By Jakob Bookspan and Garrett Janney
Conducting an IP Due Diligence investigation is important in circumstances where an organization is considering investing into, entering into a licensing agreement, or carrying out a business deal with a company which has IP assets. In today’s world, there are few companies which do not have IP assets. Determining whether a company’s IP has value, and determining what that value is, requires one to look into whether the IP of said company will yield a profit while also effectively keeping competitors out of the respective market. These investigations not only allow for the value of IP to be ascertained, but also ensure the owner of the IP has freedom to operate without infringing on the IP rights of others. This decreases the likelihood of a company facing future legal action such as litigation for selling a product which incorporates features or components covered by a patent granted to another entity.
How a Due Diligence Search is Conducted
An IP due diligence search is a straightforward process, however the search must be performed thoroughly in order to better protect the interests of both a startup company and potential investors.
Evaluating the Startup
At the outset of an IP due diligence search, there are several pieces of information that investors and their counsel will require. First, it is important to identify what kind of business the company is engaged in, as well as what products and services they currently or plan to provide.
Next, the significant current and anticipated competitors of the company should be identified.
After the relevant markets and products are defined, the investors will need a record of all IP owned by the company including patents, trademarks, copyrights, and trade secrets. For each product or service provided by the startup the relevant IP protections should be identified.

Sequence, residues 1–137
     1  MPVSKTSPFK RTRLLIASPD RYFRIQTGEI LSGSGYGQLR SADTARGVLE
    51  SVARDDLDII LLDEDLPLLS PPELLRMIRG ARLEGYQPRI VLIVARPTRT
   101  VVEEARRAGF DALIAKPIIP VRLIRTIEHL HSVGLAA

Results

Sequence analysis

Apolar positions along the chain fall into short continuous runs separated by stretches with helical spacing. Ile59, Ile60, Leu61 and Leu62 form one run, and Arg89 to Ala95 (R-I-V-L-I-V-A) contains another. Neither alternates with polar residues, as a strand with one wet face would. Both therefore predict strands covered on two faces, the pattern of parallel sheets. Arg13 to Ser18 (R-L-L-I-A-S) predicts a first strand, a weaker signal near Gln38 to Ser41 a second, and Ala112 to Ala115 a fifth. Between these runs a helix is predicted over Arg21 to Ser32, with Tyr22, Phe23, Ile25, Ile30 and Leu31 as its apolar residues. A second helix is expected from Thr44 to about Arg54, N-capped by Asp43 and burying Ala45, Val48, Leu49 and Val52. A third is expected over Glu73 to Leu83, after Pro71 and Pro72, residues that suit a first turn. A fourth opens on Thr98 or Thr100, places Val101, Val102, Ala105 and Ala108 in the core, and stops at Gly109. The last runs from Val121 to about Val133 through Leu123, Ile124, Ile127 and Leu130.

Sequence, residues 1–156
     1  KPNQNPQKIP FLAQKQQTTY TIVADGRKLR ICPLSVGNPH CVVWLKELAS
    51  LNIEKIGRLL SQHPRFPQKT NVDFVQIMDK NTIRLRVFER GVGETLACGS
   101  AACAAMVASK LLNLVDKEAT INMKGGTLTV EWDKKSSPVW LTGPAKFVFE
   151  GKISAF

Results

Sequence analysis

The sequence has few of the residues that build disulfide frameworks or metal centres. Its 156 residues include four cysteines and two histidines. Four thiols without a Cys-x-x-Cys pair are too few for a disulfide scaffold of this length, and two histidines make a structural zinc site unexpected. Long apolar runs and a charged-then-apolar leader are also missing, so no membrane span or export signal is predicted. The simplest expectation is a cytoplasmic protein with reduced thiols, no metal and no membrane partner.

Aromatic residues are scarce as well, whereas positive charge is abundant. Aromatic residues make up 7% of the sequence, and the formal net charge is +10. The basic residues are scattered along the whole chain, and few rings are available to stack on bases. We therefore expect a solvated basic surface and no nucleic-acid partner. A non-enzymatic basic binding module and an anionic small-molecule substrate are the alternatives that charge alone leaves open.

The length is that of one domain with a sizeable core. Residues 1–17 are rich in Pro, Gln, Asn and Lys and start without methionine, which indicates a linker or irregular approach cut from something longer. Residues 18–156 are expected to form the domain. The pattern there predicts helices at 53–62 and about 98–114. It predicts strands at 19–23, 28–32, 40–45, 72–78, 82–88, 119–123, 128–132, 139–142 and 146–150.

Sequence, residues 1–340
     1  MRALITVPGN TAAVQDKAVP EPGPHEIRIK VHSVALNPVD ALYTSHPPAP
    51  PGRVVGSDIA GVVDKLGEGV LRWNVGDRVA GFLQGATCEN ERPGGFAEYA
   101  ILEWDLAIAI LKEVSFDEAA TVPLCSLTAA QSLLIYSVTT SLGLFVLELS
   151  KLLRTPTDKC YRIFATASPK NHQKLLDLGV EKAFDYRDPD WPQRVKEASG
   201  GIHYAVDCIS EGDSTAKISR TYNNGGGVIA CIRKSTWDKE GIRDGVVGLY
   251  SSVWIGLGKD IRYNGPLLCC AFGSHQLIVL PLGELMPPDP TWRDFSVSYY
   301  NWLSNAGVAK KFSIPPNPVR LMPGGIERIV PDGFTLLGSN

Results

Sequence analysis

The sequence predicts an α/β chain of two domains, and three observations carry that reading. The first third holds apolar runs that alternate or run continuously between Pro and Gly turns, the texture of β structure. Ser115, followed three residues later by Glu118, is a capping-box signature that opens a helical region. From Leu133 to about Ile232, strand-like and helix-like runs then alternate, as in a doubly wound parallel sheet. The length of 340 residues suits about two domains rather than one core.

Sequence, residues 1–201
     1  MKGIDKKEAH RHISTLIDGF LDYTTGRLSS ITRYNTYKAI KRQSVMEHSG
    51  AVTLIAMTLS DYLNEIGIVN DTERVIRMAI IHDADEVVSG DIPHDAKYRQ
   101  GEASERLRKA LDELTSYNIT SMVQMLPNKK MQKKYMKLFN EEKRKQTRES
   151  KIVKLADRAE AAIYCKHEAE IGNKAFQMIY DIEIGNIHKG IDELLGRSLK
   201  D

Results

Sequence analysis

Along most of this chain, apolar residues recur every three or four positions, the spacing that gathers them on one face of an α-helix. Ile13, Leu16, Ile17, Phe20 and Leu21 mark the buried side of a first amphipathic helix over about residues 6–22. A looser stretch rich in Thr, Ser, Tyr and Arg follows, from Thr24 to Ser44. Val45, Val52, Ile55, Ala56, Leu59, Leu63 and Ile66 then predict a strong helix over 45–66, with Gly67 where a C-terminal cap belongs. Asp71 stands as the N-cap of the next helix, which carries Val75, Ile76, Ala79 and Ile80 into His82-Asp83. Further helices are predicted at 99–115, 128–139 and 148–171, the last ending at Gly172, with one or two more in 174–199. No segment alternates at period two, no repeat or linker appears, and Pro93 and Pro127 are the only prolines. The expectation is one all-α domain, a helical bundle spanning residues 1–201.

Patents are particularly important in IP due diligence searches, especially where the startup and its competitors provide similar services. A startup should provide the party conducting the search all of its patents and the relevant file histories. This includes all current patents, current applications, and information about inventions where the company has decided to not seek patent protection. In addition to this, any IP licenses either to or from the startup will be analyzed in order to determine the scope of the patent rights the startup possesses.
Evaluating the Startup’s Competitors
After reviewing the IP portfolio of the startup, the party conducting the due diligence search will look into the patent rights and portfolios owned by competitors to determine if they impact the startups legal standing or have the potential to do so. In the event a startup has weaker IP including limited patent claims, or a high potential to infringe upon competitors patents, an investor is likely to be less inclined to get involved. On the other hand, if the startup has a robust patent portfolio that covers its products and services, and has a low potential of infringing on its competitors, then an investor will likely view investment more favorably. Of course, there is some gray area where the IP of the startup is neither particularly strong nor weak, where more investigation will be necessary to determine the risks presented by the aforementioned issues.
Following a review of the patent portfolio of the startup and its competitors to identify any potential issues, the investor will also inquire into any past, current, or expected IP related enforcement actions related to the IP at issue brought by either the startup or its competitors. Any past or current actions will be investigated to determine the startups past success and future probability of success. This investigation is closely tied to the startup’s potential to infringe upon its competitors IP and vice versa. If there is a low likelihood of infringement, then there is a lower potential for IP enforcement issues to arise. On the contrary, if there is a high likelihood of infringement, then the potential of IP enforcement actions may deter one from investing.
Quick Tips for Efficient IP Due Diligence
- Prior to conducting an IP Due Diligence, determine the overall goal of your IP strategy. Are you trying to buy or obtain a license to use another’s IP? Are you investing into a company which has IP assets?
- Assess the likelihood of pending claims being approved. This can include analyzing pending patents of competitors which were filed prior to your patent to determine the likelihood of pending claims being granted or rejected.
- Investigate any previous or ongoing legal action to determine whether there is an impact on the company’s freedom to operate.
- Determine whether any IP assets have been granted to other parties. This involves contacting licensors who have the power to assign assets in the form of liens of licenses.
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